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  • Batteries are devices which consist of one or more electrochemical cells
    • These produce electrical energy from chemical energy
  • To prevent waste, we use rechargeable batteries that can be reversibly oxidised and reduced
  • Based on the basic principles of the Galvanic Cell
    • Since the cell only has a limited potential, we can chain multiple cells together to create a higher voltage battery
    • \(E^\circ\) is the maximum potential output, reality is always lower
      • Based at 1M STP, so as concentrations drop, so too will the output voltage


  • Consist of three distinct regions:
    1. The anode (positive) terminal - oxidation occurs
    2. The cathode (negative) terminal - reduction occurs
    3. Electrolyte - a weak barrier that allows for electrons to be transferred from the anode to the cathode
      • Often just cardboard, soaked in an ion or ionic liquid
      • Can be a conductive polymer (Li ion)


  1. Cell voltage - the combination of the two half reactions \(E\circ_{cell}=E\circ_{reduction}−E\circ_{oxidation}\)
  2. Battery capacity - the amount of energy the battery can release at the specified voltage for a period of time (Ah - amp hours)
  3. Energy density - energy per unit mass (Ah/kg)
  4. Cut-off voltage - the lowest voltage that the battery can safely be discharged to (permanent damage may result is exceeded)
  5. Depth of discharge - the amount of energy that can be taken from the battery without resulting in loss of efficiency over time

Charging and Discharging

  • Changes in battery voltage results as it discharges. Can be used as a metric of battery state
  • The reactions are temperature dependent, so changes in temperature will effect the cell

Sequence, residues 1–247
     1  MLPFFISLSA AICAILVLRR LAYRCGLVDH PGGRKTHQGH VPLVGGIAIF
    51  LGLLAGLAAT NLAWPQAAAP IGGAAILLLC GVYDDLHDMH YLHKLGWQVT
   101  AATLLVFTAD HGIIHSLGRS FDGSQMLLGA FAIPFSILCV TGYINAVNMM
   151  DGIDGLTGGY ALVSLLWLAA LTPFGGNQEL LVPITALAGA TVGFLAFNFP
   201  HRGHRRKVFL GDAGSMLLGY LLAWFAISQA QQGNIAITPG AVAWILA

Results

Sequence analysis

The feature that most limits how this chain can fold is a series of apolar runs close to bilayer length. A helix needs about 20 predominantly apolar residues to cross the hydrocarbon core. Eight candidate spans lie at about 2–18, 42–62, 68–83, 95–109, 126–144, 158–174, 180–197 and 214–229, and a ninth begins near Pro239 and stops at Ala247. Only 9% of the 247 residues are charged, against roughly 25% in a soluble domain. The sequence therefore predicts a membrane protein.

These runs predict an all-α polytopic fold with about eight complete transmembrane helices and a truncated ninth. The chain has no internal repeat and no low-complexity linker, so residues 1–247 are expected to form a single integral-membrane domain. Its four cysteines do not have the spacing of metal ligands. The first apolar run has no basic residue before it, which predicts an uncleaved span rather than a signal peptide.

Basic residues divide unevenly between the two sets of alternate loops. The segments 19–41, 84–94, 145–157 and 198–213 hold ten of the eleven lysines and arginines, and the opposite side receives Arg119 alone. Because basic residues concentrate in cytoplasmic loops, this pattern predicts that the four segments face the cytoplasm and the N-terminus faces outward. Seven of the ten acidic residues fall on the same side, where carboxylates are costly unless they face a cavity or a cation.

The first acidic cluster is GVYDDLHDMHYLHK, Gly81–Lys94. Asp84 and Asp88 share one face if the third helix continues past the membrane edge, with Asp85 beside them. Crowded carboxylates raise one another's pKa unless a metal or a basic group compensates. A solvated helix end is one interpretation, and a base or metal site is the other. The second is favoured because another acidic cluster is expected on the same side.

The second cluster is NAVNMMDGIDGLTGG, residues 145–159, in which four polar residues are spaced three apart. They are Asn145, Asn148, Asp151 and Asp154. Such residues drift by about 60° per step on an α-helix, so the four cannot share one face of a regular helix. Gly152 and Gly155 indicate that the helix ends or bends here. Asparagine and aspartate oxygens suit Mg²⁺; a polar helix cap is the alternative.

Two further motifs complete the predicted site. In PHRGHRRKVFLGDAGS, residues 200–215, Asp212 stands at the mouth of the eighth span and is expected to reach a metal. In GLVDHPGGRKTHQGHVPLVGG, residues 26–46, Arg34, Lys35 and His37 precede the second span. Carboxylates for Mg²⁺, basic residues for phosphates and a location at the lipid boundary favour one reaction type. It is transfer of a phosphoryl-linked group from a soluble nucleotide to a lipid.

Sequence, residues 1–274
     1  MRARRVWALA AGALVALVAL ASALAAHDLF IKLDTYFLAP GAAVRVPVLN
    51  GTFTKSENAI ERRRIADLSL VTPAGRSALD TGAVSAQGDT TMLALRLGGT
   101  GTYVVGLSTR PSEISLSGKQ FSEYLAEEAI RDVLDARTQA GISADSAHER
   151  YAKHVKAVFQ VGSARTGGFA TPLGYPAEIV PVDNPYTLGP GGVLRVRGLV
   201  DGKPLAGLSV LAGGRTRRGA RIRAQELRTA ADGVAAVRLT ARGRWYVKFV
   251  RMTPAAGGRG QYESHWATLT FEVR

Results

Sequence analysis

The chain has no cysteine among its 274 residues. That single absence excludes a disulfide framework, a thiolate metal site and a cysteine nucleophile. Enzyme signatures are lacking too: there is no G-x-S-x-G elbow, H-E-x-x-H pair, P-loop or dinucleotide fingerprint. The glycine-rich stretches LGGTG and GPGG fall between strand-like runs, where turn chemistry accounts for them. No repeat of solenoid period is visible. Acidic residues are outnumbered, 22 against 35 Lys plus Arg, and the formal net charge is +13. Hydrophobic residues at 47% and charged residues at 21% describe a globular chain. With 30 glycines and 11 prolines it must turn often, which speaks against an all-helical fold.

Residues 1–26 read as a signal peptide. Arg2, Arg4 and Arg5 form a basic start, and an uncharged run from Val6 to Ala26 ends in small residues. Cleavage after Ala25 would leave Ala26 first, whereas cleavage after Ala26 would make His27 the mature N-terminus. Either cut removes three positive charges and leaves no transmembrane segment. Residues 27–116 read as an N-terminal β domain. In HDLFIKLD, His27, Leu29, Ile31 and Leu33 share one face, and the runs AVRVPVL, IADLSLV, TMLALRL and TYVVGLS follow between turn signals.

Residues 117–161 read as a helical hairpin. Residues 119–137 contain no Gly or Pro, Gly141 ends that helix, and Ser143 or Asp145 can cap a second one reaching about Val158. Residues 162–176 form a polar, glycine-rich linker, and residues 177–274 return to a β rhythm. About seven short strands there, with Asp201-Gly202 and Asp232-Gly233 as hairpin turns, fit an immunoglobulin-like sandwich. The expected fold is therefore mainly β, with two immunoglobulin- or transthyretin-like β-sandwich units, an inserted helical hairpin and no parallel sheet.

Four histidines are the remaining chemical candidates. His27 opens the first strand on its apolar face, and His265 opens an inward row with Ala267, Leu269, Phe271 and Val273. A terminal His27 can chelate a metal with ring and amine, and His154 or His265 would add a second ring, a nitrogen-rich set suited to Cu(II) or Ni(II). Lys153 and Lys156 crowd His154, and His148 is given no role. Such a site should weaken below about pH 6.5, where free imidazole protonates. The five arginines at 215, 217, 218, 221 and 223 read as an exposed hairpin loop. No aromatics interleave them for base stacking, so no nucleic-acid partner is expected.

• Capacity tends to decrease as the charging rate increases
    • The chemistry is quite slow, so it can take time to take place
    • Forcing more electricity in will make it heat up, reducing the reaction effectiveness
  • Different battery chemistries require different charging profiles - different \(E^\circ\)

Battery Types

Lead Acid

  • Very heavy, low density, but effective and cheap. Useful where weight is not the issue
  • Anode \(\hskip{1cm}E^\circ=1.685\:V\)
\[ \ce{PbSO4_{(S)} + 5H2O_{(l)} <=> PbO2_{(s)} + 3H3O_{(aq)}+ + HSO4_{(aq)}− + 2e−} \]
  • Cathode \(\hskip{1cm}E^\circ=−0.356\:V\)
\[ \ce{PbSO4_{(S)} + 3H3O_{(aq)}+ + 2e− <=> Pb_{(s)} + HSO4_{(aq)}− + H2O_{(l)}} \]
\[ 1.685−(−0.356)=2.04\:V∗6 \text{cells} \]

Dry-Cell Batteries

  • Manganese is a cheap and relatively non toxic material
  • Anode \(\hskip{1cm}E^\circ=1.225\:V\)
\[ \ce{MnO2_{(s)} + 2e− + 4H+ <=> Mn_{(aq)}^{2} + 2H2O} \]
  • Cathode \(\hskip{1cm}E^\circ=−0.763\:V\)
\[ \ce{Zn_{(aq)}^{2+} + 2e− <=> Zn_{(s)}} \]
\[ 1.225−(−0.763)=1.988\:V \]

Li ion

  • Lithium is really useful because it has the highest oxidation potential
  • Anode
\[ \ce{xLiC6+ <=> xLi+ + xe− + xC6} \]
  • Cathode
\[ \ce{Li_{1−x} CoO2 + xLi+ + xe− <=> LiCoO2} \]
  • Overcharging - up to 5.3V leads to a secondary reaction happening synthesising Co(IV) oxide
    • Cannot easily be reversed
\[ \ce{LiCoO2 <=> Li+ + CoO2 + e−} \]
  • Over-discharging - saturates the lithium cobalt oxide
\[ \ce{Li + e− + LiCoO2 <=> Li2O + CoO} \]


  • Were a very popular rechargeable battery in the 80s/90s
    • Less popular now due to less toxic alternatives, particularly, NiMH and Li ion
    • Cd is very toxic to humans
  • Anode
\[ \ce{Cd + 2OH− <=> Cd(OH)2 + 2e−} \]
  • Cathode
\[ \ce{2NiO(OH) + 2H2O + 2e− <=> 2Ni(OH)2 + 2OH−} \]


  • Similar to NiCd but uses a metal alloy (less toxic) instead of Cd
    • 3x the energy of an equivalent size \(\ce{NiCd}\)
  • Anode
\[ \ce{Ni(OH)2 + OH− <=> NiO(OH) + H2O + e−} \]
  • Cathode
\[ \ce{H2O + M + e− <=> OH− + MH} \]


  • Exclude oxygen from the reaction, preventing build up of stable metal oxides
  • Allow for better mixing of the components of the cell
  • Non conducting solids become conducting when molten

Ionic Liquids

  • A salt in it’s liquid molten state

Polymer Electrolytes

  • Most polymers are used as insulators, however modern developments have resulted in conductive ones
  • New polymers also allow for the movement of ions through the matrix
  • Commonly used in Li ion batteries since they have good stability